A moment arrives when one does just have to admit defeat. We shall leave the European Union and there isn’t a lot of point going on about it any more. I’m still sure it’s a mistake, but there we are. In a democracy the majority is entitled to make a mistake, just as the minority is entitled to say so. I say so. I’d hoped we could change people’s minds but we haven’t, so enough from me on that.
A general election is a different matter. Here too, of course, the majority is entitled to make a mistake, but resistance remains possible and legitimate because there’s always the opportunity at the next election to reverse the electorate’s previous decision.
The trouble is, however, that I don’t want to. I don’t want a Labour government: certainly not one led by Jeremy Corbyn but (assuming he goes soon) not one led by Rebecca Long-Bailey, Angela Rayner, or whoever. There’s scant hope for people who think as I do that in the next few years a Johnson-led government will be seriously challenged by any party we’d like to see replace it.
So where do we go, politically? My thoughts are still settling, as must be the thoughts of millions, but they point already towards a tricky path. I don’t admire or trust Boris Johnson, and his decisive victory at a general election doesn’t alter that opinion. I think it’s not going to work out; however I may very well be wrong: I didn’t believe New Labour was going to work out.
But I’ve no intention of burying my scepticism — there’s a line to be drawn between doubt that tries to keep an open mind, and a blind and ears-blocked railing against a government and its leadership, seizing on every fault and admitting of no success. After Margaret Thatcher came to power in 1979 the dissenting noise was of a whole street of screaming ambulance sirens. I remember thinking they should give her a chance.
Some did. The Guardian’s Hugo Young, always a sceptic, could see she was interesting and onto something, which puts his political biography, One of Us, among the best works of its kind in modern British history, equalled only by the first volume of Charles Moore’s masterly biography of Lady T.
So I think I’ll be trying to tread the narrow path between hostile and supportive commentary. Millions like me will, too, be keeping a wary eye on Mr Johnson, but an interested one. It’s entirely possible there will be a new stage to this remarkable man’s rocket.
In that spirit, let’s pick up on and take forward the last column I wrote in this magazine. There, I discussed the Tory strategy of bringing over the English north and Midlands to the Conservative cause, warning that voters who’ve not previously been supporters lend their support — and must never be thought of as having been captured, like prisoners of war. I also warned that the appearance of a big slosh of support from Labour to the Tories may sometimes be deceptive: a similar effect can be achieved by Labour voters staying sulkily at home and Tory votes being easier to get out.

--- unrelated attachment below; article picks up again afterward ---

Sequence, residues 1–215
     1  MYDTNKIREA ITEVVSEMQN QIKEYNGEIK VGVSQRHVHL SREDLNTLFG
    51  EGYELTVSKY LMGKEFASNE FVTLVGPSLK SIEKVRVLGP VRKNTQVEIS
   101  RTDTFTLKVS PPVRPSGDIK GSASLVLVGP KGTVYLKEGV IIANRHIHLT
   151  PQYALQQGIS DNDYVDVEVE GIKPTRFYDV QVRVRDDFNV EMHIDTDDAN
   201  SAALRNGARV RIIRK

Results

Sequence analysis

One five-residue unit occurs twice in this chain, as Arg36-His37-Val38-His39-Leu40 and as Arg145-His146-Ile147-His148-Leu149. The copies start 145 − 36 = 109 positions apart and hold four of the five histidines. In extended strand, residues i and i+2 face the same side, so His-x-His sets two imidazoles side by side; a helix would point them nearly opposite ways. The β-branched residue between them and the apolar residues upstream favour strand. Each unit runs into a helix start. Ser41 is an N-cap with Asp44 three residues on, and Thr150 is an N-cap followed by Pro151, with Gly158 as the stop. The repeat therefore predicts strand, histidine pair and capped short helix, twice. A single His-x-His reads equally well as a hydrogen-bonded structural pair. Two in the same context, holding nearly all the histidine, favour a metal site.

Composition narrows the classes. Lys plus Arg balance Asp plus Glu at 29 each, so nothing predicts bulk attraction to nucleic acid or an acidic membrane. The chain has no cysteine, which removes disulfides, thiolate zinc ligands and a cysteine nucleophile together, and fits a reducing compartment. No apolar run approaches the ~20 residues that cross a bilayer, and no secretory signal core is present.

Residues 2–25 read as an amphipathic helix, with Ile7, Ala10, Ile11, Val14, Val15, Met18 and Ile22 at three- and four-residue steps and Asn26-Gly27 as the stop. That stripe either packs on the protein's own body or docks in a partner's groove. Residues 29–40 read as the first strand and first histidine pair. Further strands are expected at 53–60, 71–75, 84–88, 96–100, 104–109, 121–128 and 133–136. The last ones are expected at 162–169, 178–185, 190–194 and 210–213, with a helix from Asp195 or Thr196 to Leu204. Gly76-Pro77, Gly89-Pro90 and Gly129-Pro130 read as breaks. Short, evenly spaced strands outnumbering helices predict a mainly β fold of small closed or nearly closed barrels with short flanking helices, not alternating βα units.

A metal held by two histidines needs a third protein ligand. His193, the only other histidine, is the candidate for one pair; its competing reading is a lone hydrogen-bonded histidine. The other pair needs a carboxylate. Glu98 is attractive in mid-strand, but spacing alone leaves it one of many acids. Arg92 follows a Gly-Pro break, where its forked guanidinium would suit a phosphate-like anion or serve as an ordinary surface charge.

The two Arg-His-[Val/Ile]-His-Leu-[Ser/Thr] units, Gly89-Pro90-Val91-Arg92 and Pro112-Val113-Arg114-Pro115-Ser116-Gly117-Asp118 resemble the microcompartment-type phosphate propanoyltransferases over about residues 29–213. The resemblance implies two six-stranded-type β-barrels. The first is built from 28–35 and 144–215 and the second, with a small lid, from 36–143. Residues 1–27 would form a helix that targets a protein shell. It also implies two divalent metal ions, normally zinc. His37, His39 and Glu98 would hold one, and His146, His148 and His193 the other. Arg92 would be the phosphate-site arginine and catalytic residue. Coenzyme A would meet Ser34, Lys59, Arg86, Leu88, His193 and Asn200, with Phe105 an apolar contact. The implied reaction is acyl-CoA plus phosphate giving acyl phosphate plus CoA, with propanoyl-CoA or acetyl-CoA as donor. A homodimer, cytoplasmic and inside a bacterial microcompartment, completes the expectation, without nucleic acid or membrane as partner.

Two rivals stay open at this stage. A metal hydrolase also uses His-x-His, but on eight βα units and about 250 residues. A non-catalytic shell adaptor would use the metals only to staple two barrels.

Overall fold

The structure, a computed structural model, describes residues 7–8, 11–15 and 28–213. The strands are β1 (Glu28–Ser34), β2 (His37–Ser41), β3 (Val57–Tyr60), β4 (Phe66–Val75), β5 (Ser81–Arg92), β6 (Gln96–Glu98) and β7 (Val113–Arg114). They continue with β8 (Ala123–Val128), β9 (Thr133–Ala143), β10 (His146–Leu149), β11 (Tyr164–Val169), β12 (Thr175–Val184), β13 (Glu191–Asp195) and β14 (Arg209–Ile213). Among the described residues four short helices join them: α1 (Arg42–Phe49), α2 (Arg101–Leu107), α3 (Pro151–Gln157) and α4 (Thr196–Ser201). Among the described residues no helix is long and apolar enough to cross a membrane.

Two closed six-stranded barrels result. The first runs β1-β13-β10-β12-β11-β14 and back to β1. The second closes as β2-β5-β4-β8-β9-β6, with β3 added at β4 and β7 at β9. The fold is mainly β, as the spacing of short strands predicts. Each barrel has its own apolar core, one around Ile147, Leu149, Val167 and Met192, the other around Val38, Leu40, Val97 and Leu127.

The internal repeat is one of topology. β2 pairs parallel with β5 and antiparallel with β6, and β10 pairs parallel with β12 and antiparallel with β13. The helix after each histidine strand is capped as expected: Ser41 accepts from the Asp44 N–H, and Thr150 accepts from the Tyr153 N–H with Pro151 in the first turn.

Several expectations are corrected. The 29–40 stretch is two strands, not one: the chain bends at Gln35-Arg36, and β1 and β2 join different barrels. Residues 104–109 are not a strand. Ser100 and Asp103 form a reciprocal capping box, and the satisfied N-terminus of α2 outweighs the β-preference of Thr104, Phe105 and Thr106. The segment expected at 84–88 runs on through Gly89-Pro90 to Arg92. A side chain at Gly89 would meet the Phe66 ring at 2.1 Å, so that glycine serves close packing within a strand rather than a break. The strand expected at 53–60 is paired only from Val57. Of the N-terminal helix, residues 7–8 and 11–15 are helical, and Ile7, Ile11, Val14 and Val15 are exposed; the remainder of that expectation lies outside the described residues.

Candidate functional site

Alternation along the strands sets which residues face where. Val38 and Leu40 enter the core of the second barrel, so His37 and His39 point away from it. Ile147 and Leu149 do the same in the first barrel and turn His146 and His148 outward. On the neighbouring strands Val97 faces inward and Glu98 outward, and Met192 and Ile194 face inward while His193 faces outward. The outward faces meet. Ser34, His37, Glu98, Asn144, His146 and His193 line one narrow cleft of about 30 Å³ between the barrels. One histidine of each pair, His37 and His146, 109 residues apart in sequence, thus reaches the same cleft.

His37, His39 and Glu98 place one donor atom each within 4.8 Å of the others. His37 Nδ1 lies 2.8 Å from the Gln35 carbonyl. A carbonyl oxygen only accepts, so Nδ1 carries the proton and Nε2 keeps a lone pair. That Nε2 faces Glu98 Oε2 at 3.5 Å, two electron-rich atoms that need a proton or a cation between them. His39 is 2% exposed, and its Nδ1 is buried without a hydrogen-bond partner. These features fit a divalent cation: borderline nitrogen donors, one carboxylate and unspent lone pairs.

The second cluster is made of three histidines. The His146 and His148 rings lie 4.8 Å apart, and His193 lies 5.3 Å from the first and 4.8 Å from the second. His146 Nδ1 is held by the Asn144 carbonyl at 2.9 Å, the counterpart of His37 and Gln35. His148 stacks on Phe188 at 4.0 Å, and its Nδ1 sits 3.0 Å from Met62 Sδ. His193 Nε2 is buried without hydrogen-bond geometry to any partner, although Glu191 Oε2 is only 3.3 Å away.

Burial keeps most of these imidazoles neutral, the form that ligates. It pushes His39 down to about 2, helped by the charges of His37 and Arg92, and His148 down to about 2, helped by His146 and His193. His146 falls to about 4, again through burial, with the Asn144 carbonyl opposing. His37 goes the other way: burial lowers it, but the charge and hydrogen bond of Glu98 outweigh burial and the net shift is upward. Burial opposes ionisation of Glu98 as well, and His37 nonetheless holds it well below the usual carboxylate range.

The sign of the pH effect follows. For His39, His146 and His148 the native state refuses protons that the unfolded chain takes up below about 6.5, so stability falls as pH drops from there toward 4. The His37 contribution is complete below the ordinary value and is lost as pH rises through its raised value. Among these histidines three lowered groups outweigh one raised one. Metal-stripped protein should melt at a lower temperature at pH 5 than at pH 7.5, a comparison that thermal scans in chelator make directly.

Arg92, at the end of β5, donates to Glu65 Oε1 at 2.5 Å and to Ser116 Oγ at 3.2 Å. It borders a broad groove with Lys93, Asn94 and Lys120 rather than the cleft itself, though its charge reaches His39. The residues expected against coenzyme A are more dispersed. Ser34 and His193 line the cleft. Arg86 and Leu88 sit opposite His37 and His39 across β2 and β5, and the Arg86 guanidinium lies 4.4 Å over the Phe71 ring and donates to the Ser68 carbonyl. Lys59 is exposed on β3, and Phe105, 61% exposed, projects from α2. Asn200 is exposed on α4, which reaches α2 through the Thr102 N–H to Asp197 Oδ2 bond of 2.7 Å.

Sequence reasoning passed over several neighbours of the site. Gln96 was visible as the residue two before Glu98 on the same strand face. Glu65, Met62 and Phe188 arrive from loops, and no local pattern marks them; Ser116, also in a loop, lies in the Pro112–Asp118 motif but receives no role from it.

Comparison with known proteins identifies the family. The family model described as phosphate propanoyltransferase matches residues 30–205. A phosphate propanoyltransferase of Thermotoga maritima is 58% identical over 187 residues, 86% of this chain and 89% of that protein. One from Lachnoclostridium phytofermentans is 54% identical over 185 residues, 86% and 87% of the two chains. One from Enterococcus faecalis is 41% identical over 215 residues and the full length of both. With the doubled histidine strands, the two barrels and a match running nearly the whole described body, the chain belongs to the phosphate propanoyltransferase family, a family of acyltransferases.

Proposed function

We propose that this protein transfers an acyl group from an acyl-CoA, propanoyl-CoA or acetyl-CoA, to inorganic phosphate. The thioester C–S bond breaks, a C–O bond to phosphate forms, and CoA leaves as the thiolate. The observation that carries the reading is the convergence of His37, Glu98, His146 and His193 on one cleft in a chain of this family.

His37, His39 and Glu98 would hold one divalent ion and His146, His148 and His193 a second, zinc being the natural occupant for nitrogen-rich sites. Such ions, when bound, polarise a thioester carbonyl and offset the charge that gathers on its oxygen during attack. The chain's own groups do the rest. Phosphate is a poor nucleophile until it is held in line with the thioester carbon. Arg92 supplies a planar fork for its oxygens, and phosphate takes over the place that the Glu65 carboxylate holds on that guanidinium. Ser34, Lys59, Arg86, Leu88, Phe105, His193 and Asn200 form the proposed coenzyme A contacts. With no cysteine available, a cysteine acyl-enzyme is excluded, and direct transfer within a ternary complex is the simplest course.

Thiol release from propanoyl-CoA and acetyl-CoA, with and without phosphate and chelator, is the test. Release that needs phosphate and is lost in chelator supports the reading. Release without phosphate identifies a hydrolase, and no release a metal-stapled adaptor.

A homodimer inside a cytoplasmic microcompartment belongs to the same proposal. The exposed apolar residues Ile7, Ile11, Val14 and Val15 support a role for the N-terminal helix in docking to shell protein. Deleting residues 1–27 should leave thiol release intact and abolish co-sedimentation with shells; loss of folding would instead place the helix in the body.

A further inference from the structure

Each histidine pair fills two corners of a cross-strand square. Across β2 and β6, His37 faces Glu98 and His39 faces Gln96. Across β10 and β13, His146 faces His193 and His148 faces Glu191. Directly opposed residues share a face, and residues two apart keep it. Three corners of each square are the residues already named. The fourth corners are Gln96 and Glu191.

I discussed two nearby former-mining Derbyshire constituencies that I know quite well: Bolsover and North East Derbyshire. The first (I suggested) would fall to the Tories, and in the second the sitting Tory MP, who had worked hard over the years to turn a safe Labour into a marginal Tory seat, would increase his majority. I’m no prophet: these were safe predictions.
Both came true in spades. In North East Derbyshire the Conservative Lee Rowley scored a huge advance. In Bolsover, Labour’s Dennis Skinner fell even harder than predicted. So Johnson can — up to a point — fairly speak as he did on the steps of Downing Street as though ‘the people’ in such places have placed their trust in his new government. He spoke without hubris: his argument was that the trust now needs to be rewarded.
But I said ‘up to a point’. Look more closely at the voting figures in those places. In both constituencies the drop in Labour votes far outnumbered the rise in the Tory vote. In Bolsover Labour got some 8,000 fewer votes, while the Tories got some 3,000 more. In North East Derbyshire Labour got some 6,000 fewer votes and the Tories some 4,000 more. In both the overall turnout was slightly down. So we should not overstate the scale on which Labour voters actually ‘came over’ to the Tories. Only a few thousand probably did. Labour’s failure is not necessarily the Conservatives’ success.
Still: now Johnson needs to keep his converts and carry on energising his long-time supporters. How best to do this?
The Prime Minister is instinctively attracted to big, shiny toys. So am I. Though hardly his favourite, HS2 has become more than a much-needed addition to rail capacity between London and the Midlands and north: but a sort of covenant, too, of government’s dedication to the Northern Powerhouse. Johnson will surely not want to let down its great advocate, the Tories’ go-ahead mayor of the West Midlands, Andy Street, who faces a tight election race next year. To cancel HS2 in favour of the protests of wealthy and long-standing Tory voters in the Chilterns would give precisely the wrong signal. And a positive announcement on HS3 would make a big splash in Manchester and Leeds.
But beyond the whizz-bang lies a real and crying need in the more depressed English regions. George Osborne’s swingeing cuts (some 40 per cent) to local government spending were an astringent and mostly defensible part of ‘austerity’. But they are deeply felt in Doncaster, Rotherham, Chesterfield… places where struggling families are closer than many Spectator readers (or columnists) to what their town halls can do. The very fact that such work would be boring makes a useful test of the new seriousness that Johnson tried to demonstrate on the Downing Street steps. Does he mean it?
As I say, a wary eye. Let us see.